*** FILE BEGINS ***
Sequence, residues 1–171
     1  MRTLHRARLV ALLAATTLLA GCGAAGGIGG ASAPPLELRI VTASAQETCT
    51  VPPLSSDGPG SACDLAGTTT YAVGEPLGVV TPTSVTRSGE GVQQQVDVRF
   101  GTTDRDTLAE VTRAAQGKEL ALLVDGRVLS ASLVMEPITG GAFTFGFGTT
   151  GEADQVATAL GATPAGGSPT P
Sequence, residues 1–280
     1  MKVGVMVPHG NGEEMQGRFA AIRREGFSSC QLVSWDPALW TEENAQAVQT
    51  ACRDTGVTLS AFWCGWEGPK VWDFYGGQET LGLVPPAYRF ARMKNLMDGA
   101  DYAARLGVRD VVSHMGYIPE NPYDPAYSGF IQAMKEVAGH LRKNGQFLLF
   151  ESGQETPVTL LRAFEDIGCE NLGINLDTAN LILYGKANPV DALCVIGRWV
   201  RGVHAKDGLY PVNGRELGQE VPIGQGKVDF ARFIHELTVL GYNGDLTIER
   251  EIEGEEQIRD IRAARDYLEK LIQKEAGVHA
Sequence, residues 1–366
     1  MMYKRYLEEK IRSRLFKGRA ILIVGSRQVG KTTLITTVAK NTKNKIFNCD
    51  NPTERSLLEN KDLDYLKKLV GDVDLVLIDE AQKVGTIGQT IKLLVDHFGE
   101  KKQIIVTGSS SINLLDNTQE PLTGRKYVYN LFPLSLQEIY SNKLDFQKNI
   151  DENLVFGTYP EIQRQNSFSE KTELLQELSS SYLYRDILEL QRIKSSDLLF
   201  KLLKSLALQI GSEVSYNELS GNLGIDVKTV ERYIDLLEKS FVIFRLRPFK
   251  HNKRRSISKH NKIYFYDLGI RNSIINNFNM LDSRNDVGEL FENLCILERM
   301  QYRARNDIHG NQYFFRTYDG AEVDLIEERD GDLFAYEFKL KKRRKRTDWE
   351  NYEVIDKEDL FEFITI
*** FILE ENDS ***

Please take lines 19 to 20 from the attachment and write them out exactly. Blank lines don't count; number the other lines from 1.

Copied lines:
   251  HNKRRSISKH NKIYFYDLGI RNSIINNFNM LDSRNDVGEL FENLCILERM
   301  QYRARNDIHG NQYFFRTYDG AEVDLIEERD GDLFAYEFKL KKRRKRTDWE